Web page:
Etymology
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tricolor (n.)
also tricolour, 1798, "flag having three colors," especially the emblem of France adopted during the Revolution, from French tricolore, in drapeau tricolore "three-colored flag." The arrangement of colors on the modern French national flag dates from 1794.
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ensign (n.)
early 15c., "a token, sign, symbol; badge of office, mark or insignia of authority or rank;" also "battle flag, flag or banner of a ship or troop of soldiers," via Scottish, from Old French enseigne (12c.) "mark, symbol, signal; flag, standard, pennant," from Latin insignia (plural); see insignia, which is a doublet of this word. As the word for the soldier who carries the flag, 1510s. U.S. Navy sense of "commissioned officer of the lowest rank" is from 1862. French navy had rank of enseigne de vaisseau at least since early 18c. Until 1871 one of the lowest grades of commissioned officers in a British army infantry regiment, also a rank in the American Revolutionary army.
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colors (n.)

"flag of a regiment or ship" 1580s, from color (n.). Hence color-guard (1820), originally the soldiers assigned to guard the colors of the regiment, color-bearer(1855), the one who carries the regimental flag, and to do something with flying colors "successfully" (1690s).

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vane (n.)
"plate metal wind indicator," early 15c., southern England alteration (see V) of fane "flag, banner."
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Union Jack 
1670s, from union + jack (n.); properly a small British union flag flown as the jack of a ship, but it has long been in use as a general name for the union flag. The Union flag (1630s) was introduced to symbolize the union of the crowns of England and Scotland (in 1603) and was formed of a combination of the cross saltire of St. Andrew and the cross of St. George. The cross saltire of St. Patrick was added 1801 upon the union of parliaments of Great Britain and Ireland.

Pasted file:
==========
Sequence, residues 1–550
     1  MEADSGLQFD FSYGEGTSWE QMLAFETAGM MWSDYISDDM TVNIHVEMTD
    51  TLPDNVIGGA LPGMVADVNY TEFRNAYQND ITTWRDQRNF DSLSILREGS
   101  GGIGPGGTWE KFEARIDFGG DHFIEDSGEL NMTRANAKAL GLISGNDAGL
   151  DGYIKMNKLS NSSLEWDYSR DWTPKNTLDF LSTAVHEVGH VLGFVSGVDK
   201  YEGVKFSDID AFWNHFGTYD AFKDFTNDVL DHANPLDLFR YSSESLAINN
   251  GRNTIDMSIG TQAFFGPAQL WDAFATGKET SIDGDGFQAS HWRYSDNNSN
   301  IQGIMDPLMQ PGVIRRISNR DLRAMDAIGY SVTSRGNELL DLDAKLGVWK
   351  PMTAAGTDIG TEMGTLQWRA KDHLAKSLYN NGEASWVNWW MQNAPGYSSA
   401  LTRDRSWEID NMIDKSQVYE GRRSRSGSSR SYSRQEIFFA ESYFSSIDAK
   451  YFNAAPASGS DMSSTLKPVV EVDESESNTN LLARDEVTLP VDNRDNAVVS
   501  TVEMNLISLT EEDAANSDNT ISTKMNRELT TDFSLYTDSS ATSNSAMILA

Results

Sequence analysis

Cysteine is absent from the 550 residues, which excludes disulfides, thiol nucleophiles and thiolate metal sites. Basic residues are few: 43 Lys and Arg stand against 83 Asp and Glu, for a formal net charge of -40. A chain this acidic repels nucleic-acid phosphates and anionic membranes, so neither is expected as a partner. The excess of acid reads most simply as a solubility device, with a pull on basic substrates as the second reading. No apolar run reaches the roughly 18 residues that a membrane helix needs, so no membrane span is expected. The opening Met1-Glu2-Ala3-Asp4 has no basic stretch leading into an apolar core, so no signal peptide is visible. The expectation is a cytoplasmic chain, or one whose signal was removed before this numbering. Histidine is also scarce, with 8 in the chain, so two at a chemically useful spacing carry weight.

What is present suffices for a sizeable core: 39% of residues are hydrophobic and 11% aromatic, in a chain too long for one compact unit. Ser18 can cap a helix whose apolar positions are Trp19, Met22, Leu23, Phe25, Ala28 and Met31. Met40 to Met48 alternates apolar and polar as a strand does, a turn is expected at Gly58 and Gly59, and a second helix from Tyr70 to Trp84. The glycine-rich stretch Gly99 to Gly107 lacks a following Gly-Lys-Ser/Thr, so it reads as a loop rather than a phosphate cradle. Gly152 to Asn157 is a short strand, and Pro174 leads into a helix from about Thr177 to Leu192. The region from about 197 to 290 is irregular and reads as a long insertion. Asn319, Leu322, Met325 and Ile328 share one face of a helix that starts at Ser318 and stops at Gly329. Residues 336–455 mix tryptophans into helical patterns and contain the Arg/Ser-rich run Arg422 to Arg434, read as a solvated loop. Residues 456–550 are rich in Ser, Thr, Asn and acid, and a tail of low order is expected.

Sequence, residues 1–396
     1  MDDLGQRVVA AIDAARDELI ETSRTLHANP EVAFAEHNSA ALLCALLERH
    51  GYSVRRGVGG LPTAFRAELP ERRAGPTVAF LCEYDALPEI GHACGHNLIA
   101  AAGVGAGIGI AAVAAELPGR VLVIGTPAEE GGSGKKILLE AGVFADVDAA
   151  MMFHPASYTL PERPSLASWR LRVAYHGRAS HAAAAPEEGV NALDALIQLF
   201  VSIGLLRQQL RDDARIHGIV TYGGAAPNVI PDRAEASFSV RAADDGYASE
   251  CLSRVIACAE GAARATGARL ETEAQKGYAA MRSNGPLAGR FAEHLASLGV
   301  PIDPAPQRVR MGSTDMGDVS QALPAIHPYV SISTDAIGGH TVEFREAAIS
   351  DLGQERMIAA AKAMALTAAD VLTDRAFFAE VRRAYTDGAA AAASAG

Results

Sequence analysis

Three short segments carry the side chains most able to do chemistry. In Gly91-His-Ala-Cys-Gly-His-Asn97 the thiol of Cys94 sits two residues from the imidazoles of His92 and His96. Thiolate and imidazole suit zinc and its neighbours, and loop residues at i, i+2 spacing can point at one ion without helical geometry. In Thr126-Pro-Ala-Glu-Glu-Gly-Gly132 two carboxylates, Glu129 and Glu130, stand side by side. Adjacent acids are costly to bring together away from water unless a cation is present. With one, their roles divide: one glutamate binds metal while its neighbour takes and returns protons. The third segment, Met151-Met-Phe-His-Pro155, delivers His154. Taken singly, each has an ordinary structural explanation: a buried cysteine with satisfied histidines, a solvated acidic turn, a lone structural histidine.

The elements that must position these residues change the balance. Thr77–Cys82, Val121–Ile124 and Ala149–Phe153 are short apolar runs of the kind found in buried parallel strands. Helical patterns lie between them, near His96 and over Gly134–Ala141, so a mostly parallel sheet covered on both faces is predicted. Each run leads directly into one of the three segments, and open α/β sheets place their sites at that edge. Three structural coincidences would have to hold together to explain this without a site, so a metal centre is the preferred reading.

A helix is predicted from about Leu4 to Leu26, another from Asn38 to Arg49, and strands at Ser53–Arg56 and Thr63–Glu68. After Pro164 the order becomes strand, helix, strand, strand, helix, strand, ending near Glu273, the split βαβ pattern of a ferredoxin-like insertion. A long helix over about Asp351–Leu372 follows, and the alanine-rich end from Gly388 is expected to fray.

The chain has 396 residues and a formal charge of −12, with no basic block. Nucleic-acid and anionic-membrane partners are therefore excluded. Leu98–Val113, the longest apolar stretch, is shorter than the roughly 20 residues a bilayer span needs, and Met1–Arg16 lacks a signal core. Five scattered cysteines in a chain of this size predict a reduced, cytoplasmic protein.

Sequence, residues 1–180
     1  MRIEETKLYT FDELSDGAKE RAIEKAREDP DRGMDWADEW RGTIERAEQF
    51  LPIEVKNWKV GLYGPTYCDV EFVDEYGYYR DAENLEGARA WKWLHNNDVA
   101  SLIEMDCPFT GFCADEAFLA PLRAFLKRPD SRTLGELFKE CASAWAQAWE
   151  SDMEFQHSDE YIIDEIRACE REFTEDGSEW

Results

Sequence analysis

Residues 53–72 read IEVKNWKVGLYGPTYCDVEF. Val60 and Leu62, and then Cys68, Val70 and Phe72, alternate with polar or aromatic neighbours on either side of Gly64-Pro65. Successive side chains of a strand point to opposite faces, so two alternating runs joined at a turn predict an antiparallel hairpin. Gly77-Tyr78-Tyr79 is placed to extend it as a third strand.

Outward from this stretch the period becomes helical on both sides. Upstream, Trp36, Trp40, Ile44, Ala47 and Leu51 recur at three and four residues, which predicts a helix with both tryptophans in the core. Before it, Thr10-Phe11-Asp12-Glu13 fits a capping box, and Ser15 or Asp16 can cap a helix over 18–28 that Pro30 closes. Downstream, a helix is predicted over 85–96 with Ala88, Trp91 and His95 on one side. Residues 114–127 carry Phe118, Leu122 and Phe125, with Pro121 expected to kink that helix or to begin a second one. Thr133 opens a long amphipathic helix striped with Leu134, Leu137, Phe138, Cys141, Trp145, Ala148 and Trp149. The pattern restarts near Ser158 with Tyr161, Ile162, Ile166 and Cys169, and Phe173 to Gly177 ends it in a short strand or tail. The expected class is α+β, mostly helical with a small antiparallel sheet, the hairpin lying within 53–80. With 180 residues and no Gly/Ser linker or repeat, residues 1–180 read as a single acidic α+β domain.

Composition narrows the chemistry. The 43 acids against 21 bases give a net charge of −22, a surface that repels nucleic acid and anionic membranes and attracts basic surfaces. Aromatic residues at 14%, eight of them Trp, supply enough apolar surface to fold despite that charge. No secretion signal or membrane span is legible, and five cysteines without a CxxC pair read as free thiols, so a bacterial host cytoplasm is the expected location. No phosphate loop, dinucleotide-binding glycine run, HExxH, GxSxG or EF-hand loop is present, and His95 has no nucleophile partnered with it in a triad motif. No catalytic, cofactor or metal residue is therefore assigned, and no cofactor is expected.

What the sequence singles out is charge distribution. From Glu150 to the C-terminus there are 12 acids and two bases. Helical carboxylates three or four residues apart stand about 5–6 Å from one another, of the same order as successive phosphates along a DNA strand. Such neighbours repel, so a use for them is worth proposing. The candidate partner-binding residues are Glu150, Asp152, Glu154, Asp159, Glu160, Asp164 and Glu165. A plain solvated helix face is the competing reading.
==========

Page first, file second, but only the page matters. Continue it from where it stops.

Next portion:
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streamer (n.)
"flag that streams in the air," late 13c., agent noun from stream (v.).
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vexillology (n.)
"study of flags," 1959, from Latin vexillum "flag, military ensign, banner" (from velum "a sail, curtain, veil; see veil (n.)) + -ology.
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fane (n.)

"weathercock," late 14c., from Old English fana, fona "flag, banner," from Proto-Germanic *fanan- (source also of Old Frisian fana, Gothic fana "piece of cloth," Old High German fano, German Fahne "flag, standard"); possibly cognate with Latin pannus "piece of cloth" (see pane).

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mast-head (n.)

also masthead, 1748, "top of a ship's mast" (the place for the display of flags), hence, from 1838, "top of a newspaper" (where its name, etc. appears; the nameplate itself is commonly the flag), from mast (n.1) + head (n.).

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ancient (n.)
"standard-bearer," 1590s, short for ancient-bearer (1570s), from ancient "flag, banner, standard" (1550s), a corruption of ensign (q.v.). Archaic, but preserved in Shakespeare's character Aunchient Pistoll in "Henry V."
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